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The much-feared relapse into conflict has been staved off mainly because Nepal’s transformation since 2006 has been unprecedented. Although far from complete, elements of a more inclusive polity and society have been institutionalised to a significant degree. The declaration of Nepal as a secular state soon after the 2006 People’s Movement was an early precursor, but the periodic introduction of policies aimed at providing equal opportunities to all the people of Nepal have also been instrumental.
The push for inclusion pre-dates the Maoist conflict by decades. At the forefront have been Nepal’s vibrant social movements, which have been significant forces in Nepal’s socio-political landscape, challenging the prevalent political power structures and informal institutions. Mukta Singh Tamang describes the evolution of four major mobilisations – by women, Janajatis (indigenous groups), Dalits (‘low caste’) and Madhesis (from the Tarai plains). The agendas and strategies of these movements have differed according to their specific histories. All have succeeded in effecting significant change in different ways. Inclusion has provided a common thread connecting their causes, which have otherwise been largely disparate and sometimes contradictory. Gains have been hard won against persistent resistance. But the movements have been less effective due to splits both among and within them. As the struggle for ethnic, class, cultural and gender equality progresses, these movements might look to more coordinated strategies to advance their agendas, individually and collectively.
Deepak Thapa describes how post-war armed groups have operated at the margins of politics and criminality. Governments have adopted both hard and soft policies in response, but such groups have had a limited impact on Nepal's transition.
Chiara Letizia outlines how Hinduism became embedded in Nepal’s national identity and was used to administer the dominance of the established elite, such as through the caste system. Accordingly, for many communities secularism has been associated with emancipation, and has been a focal point for dispute and dialogue between progressive and conservative forces – for example in the relationship between religion and the state. The new constitution confirms Nepal as ‘secular’, although its equivocal definition leaves the door open to future contestation.
Mohna Ansari, a member of the National Human Rights Commission explains in an interview with Accord the NHRC’s role in protecting rights and promoting transitional justice. She stresses the importance of Nepal’s international human rights commitments, but also the problems with implementation of instruments such as the Convention on the Elimination of All Forms of Discrimination against Women vis-à-vis the new constitution that denies women full citizenship rights.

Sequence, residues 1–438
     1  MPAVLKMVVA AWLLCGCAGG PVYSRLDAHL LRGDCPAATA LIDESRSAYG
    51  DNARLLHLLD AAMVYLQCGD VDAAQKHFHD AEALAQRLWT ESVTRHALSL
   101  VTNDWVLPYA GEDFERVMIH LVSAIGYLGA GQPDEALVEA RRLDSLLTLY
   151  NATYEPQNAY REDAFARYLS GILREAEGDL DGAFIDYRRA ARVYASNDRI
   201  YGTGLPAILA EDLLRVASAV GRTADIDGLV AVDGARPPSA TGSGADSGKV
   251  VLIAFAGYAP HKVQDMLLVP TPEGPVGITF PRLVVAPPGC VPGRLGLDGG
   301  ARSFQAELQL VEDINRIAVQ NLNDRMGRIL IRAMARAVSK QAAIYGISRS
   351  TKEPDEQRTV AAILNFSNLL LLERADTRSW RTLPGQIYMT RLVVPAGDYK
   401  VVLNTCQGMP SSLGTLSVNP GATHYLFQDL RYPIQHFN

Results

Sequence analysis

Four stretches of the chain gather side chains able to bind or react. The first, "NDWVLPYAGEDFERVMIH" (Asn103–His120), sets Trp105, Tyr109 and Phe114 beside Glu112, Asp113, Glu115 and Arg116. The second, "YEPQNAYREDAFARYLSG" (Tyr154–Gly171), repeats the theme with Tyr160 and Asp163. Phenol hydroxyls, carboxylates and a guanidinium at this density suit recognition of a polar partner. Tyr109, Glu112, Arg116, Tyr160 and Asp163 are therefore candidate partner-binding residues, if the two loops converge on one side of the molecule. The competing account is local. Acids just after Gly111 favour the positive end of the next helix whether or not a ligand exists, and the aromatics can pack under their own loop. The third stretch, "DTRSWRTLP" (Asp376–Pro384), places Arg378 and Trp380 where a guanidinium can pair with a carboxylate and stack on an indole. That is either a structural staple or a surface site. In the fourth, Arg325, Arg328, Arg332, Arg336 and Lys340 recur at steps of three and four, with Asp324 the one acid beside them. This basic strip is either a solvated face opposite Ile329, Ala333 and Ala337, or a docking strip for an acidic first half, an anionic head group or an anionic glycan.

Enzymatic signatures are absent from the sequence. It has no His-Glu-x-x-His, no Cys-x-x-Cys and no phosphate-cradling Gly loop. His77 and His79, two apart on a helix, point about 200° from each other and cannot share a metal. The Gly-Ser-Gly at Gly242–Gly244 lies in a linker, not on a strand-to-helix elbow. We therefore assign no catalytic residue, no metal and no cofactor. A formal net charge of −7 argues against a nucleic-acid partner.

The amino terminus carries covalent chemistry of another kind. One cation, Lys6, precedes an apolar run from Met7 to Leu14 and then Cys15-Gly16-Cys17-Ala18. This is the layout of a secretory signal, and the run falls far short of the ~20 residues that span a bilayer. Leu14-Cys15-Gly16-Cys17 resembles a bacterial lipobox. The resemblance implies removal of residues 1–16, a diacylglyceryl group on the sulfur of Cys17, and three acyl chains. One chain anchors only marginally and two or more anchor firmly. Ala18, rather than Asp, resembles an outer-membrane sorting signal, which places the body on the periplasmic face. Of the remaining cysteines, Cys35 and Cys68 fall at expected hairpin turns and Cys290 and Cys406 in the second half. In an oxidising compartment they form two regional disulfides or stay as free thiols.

Lynn Bennett stresses that mistakes have been made in failing to incentivise inclusion throughout Nepal’s bureaucracy, or to support advocates of inclusion among the traditional political elite. Inclusion has now been ‘re-branded’ to prioritise gender equality as a way to navigate resistance to the more politicised aspects of the agenda. De-emphasising caste, ethnicity or regional identity as the basis for enhancing social mobility has helped to make social inclusion more acceptable and broadly impactful, but there is a real risk that its non-gender aspects will get lost.
Yam Bahadur Kisan describes how the Nepali state gradually opened up to the idea of inclusion as the war intensified. Inclusion was a key bargaining point in the peace talks as a core grievance of the Maoists, and was prominent in different ways in a number of peace agreements. Legislative commitments have helped to establish a more inclusive Nepali state, such as through the Civil Service Act, but the 2015 Constitution exposes how important gains have also been tempered by ambiguity and contradictions.
Shankar Sharma, former Vice-Chair of the National Planning Commission, tells Accord in an interview how social inclusion entered the national development agenda as a result of the ‘People’s War’ and an attempt to deal with the root causes that were propelling it. National and donor priorities began to align around inclusion mid-way through the fighting. At the same time, inclusion was operationalised through the involvement of communities in development programming, to identify and implement projects.
The idea of inclusion has had both advocates and opponents, and Shradha Ghale describes how a backlash against inclusion has gathered momentum as the peace process has progressed. This has also embroiled the Maoists, with some Nepalis accusing them of having abandoned the inclusion agenda and the marginalised communities they purport to represent.
Hundreds of thousands of Nepalis work abroad. Amrita Limbu explains that, as the war advanced, migration became an increasingly proactive state policy, as a response to domestic underdevelopment and equally as an alternative recruitment opportunity to the growing Maoist insurgency. Today remittances make up a significant proportion of Nepal’s GDP and are having important social impacts, and their benefits have also flowed in large measure to economically marginalised communities.